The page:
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Using CfP as a participant

10 August 2017

Tens of thousands of participants have taken part in research through Call for Participants, and so we wanted to catch up with some of them from across the globe to hear about their experiences on the platform.

Anders C from Norway is a psychology enthusiast and when he is not busy spending time with friends, reading, music production, or hiking, you will find him on CfP finding studies to take part in. Scottie H is an "aspiring songstress/starving artist/peripatetic seeker of knowledge & wisdom" from the USA who loves travelling and once wrote a jingle for an airline company.

We asked them both about their experiences and how they ended up on CfP.

"I can't recall ... I only know that it was some kind of 'serendipity' one thing leading to another, so here I ended up" - Scottie

Both Scottie and Anders have taken part in so many studies over the years, that neither can remember how many exactly.

"A great many ... I check the site regularly and take part in the studies where I fit the criteria and find interesting enough to use my time on." - Anders
I don't even remember what my first study was, but I'm sure I participated because it offered the opportunity to participate in an Amazon gift card draw. If I won and the card was in UK pounds, I gave it to a former airline co-worker who could figure out how to buy something like a book in the UK ... After reading it, she would donate it to her local library, so the book really made the rounds and got recycled." - Scottie

As far as studies go, both agree it's great to receive some financial reward for their time, but that's not all that influences their choices in what to participate in.

"Some kinds of studies are more preferred than others, and this influences what I participate in. Market research, in general, is not something I find very interesting, and research studies where I review cases, videos, pictures etc. and answer some questions are neither very interesting. I prefer Likert scales and the likes, and research studies that have novel combinations of questionnaires, novel questionnaires that I have not taken many times already in other studies, or novel studies." - Anders

It is also interesting that neither Anders nor Scottie live in the UK, where most studies on Call for Participants take place.

"As I live in Norway, I have focused on taking part in online studies. In this category have I taken part in everything from social psychology and personality psychology studies, to research on mental health and market research." - Anders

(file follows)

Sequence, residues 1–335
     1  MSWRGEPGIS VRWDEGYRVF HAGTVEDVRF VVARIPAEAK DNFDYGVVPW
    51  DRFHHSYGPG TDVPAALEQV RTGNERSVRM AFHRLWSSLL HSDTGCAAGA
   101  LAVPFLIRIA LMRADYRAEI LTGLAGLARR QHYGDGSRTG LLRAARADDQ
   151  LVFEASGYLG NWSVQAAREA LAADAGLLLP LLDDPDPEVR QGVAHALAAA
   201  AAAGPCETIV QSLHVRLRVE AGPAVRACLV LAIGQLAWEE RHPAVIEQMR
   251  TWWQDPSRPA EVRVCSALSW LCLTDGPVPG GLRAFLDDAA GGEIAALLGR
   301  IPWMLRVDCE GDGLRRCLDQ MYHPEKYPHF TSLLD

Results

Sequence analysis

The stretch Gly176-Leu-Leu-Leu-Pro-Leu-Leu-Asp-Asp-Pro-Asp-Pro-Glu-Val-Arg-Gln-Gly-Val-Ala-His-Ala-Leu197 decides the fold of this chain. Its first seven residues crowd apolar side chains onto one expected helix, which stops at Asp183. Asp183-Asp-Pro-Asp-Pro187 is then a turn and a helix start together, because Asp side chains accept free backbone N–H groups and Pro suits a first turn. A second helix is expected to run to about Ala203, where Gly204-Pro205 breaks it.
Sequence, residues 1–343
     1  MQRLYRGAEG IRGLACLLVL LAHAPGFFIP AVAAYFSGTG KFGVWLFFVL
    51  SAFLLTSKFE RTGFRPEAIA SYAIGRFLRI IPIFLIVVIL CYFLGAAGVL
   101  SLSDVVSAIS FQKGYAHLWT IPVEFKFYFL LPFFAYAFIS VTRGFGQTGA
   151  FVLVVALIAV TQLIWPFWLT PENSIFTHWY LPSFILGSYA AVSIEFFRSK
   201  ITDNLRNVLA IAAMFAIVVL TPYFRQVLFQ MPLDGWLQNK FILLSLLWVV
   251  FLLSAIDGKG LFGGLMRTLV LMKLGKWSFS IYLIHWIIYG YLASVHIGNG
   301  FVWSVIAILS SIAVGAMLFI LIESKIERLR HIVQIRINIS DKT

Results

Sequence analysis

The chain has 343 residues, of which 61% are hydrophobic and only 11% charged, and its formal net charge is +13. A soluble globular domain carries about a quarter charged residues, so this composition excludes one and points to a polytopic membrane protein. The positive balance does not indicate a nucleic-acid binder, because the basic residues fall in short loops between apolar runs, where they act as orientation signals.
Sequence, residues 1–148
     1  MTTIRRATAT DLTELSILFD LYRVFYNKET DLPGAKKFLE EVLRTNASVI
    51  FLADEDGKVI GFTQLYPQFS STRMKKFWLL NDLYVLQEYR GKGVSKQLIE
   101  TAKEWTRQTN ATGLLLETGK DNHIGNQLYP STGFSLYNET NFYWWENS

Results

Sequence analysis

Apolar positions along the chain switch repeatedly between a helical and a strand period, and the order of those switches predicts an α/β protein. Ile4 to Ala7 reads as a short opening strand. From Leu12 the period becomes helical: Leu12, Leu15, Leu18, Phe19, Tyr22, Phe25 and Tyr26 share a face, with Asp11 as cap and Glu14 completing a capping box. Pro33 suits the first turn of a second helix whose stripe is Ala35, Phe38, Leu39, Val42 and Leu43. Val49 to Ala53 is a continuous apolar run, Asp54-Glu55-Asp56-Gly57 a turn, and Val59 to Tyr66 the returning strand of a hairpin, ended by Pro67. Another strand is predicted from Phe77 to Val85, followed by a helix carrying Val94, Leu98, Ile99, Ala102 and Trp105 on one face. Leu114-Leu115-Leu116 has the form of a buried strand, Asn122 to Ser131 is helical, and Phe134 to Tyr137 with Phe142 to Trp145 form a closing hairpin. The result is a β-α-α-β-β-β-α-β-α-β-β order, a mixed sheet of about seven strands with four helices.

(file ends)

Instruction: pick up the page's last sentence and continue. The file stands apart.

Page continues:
We asked our participants to tell us about their experiences taking part in research and whether there was anything that they remember very vividly.

"It’s a relaxing experience and a good tool for killing time. It is also educational, and I come to know the research trends and the progress of research on different kinds of topics. And it is a good feeling to both contribute to research and be given the opportunity to contribute to research, it boosts the self-esteem." - Anders
"There was one survey that offered me an opportunity to respond to art in an open-ended way. I gushed my heart and soul into my answers - could never replicate that experience - only to have the survey dump my answers just as I was hitting the 'Finish' button because of some glitch!" - Scottie

Oh, Scottie, we know your pain! Let's hope that the researcher uses a better questionnaire software next time.

"My most memorable experiences are when the study directly engages with one of my favourite topics, for example studies that seek to better the fulfilling of human rights, from preventing child abuse and neglect and its consequences, to create a society that cares for the common good." - Anders

It definitely sounds like they both have enjoyed taking part in research. So we asked them what they would say to somebody considering whether or not to do it.

"That taking part in research is a great way to learn more about how scientific research is done and what it involves. It gives a reality check that fake news, news, and Wikipedia can’t give, and it gives a broader perspective on the world through the equal relationship between theory and practice involved in research participation. And it also is an alternative and more loyal way to influence the world than voting for politicians that may only in best case do what one expects them to do."
"Go for it - what have you got to lose except time, energy, and your well-though-out answers, as I pointed out above?" - Scottie

We loved catching up with Scottie and Anders, hearing from them makes us remember why we created Call for Participants and how much fun it can be to take part in research.

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